July 10, 2007 at 01:55 PM · Hey, Joel: Never did I ever believe I would talk with someone who was at the same Kogan concert; fantastic! I also heard Oistrakh at the old McCormick center. When I heard him, he played the Prokofiev Concerto #1 (I forget the orchestra). The outer two movements were played in an unbelieveable manner. However, the 2nd movement scherzo, was a total mess. Oistrakh seemed to just not get into it from the first notes, and it was technically, musically, and in every other way littered with mistakes, dropped notes, and inappropriate accents. The audience applauded warmly anyway. Then, when he came back on stage for an encore, he replayed that scherzo. This time, it was unbelieveably exciting and note perfect.

And, what a small world. I knew Bob Kagan also. He was a very good friend of my mother and late stepfather (Judge Harry G. Hershenson).

Cheers, Sandy


July 10, 2007 at 03:59 PM · Joel:

I saw Heifetz (in recital at Orchestra Hall) only once. If memory serves, I think I might have been at the Heifetz one you mention, also, but I don't remember as much about it, except for his tone. I think he played the Franck Sonata. I don't remember much of the program, so it could have been different, but what you describe sounds familiar.

Also Bob and Miriam were also very close friends with my mother and step-father. Do you remember Harry and Anita? That would be them.

I also saw Michael Rabin once, in about 1961 or 62. It was at the Robin Hood Dell in Philadelphia, and he played the Paganini 1st Concerto - spectacularly. This is also a cherished memory of a performance that was beyond belief.

When I was in grammar school and high school, I studied with Angelo Rico at Roosevelt (he was a Gomberg pupil, I think). Afterwards, in college (Antioch College in Ohio), I studied with Larry Grika and Myron Kartman. I consider all of my teachers as having been excellent and as giving me a good enough foundation to play credibly as an amateur. After college, my lessons have been sporadic, but I have always tried to play every day and maintain what I learned.

Cordially, Sandy

PS. "I hate music, especially when it's played." - Jimmy Durante

July 10, 2007 at 04:50 PM · Joel and Sandy,

All I can say is that I envy both of you for having heard each live. (For the record, Oistrakh and Kogan top my "desert island" list.)

July 10, 2007 at 06:10 PM · i prefer josh bell over both of them. they are both cold, josh bell is hot.

July 10, 2007 at 06:12 PM · Bell: none knew him at the airport!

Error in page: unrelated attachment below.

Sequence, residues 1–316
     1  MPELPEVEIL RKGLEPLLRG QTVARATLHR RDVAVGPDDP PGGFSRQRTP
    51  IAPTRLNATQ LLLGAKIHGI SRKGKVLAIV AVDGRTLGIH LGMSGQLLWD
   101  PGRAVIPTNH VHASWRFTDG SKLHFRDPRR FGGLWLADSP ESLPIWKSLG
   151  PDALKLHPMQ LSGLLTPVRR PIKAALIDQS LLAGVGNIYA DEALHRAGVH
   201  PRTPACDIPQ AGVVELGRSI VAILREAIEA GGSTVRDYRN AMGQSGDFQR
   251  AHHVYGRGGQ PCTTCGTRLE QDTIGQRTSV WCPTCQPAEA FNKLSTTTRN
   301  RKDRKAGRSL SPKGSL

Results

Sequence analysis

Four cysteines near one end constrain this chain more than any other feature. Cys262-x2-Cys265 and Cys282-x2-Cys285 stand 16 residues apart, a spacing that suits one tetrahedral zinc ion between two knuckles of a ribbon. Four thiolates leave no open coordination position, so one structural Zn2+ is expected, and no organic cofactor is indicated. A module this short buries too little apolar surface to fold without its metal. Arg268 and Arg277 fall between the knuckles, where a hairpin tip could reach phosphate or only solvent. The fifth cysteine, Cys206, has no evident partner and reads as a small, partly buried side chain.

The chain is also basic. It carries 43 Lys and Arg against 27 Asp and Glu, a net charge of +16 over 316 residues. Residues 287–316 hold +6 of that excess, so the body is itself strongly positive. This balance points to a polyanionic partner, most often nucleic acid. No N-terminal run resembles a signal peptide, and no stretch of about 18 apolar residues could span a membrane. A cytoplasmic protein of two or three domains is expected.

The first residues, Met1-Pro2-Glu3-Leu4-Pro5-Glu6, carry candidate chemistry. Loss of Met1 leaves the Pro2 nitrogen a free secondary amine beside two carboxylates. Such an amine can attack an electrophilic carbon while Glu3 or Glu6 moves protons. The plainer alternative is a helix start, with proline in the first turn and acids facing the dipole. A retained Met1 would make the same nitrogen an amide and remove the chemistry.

July 10, 2007 at 06:13 PM · Thanks, Maia. I'm sure that some day far in the future you will be recounting your recollections of the great violinists of today. If I'm actually still alive by then, I'm sure I'll be so old that my views on any subject will be quite worthless. :)

Joel, my mother doesn't remember your folks, but she's sure that Harry would have known them (he was very well-known in legal circles in Chicago and would have known them).


Joshua who???? :) just kidding

July 10, 2007 at 07:30 PM · hey joel did you find calabrese?

July 10, 2007 at 07:34 PM · Joel - yes. He had on jeans, a shirt and Washington Nationals baseball hat.

July 10, 2007 at 07:46 PM · I just find that there are more expressive recordings than kogan's... For example, Vengerov's shostakovich compared to Kogan's is far more lyrical and singing while all kogan does it accent and play each note loudly...

July 10, 2007 at 08:52 PM · Oistrakh for me is the biggest inspiration.

I think he is the biggest violinist ever.

The second is Heifetz for me, but I love them both. I don't know Kogan as well as them both. Sure, I listened his performens but Oistrakh is for me somebody totally diferend than anyone.

July 10, 2007 at 10:12 PM · Someone's put one of those 'compilations' together on YouTube and features Kogan taking over the Khachaturian from Oistrakh. I couldn't help being struck by how much sweeter and more moving the Kogan playing was.

July 11, 2007 at 01:47 AM · Joel,

I'd love to see a list of the best of Kogan from you. So far I’ve got his Beethoven concerto recorded live in 1980, and after I had read you posts, I ordered his 1978 Salzburg live (Sonatas by Beethoven, Brahms, Franck, etc). I haven't heard enough to say whether he'll be my favorite yet but would like to learn more about his playing.

Thanks for the wonderful and informative posts.

July 11, 2007 at 03:56 AM · "Someone's put one of those 'compilations' together on YouTube and features Kogan taking over the Khachaturian from Oistrakh. I couldn't help being struck by how much sweeter and more moving the Kogan playing was."

-sorry, I don't really feel moved by Kogan's played at all... Totally opposite with oistrakh though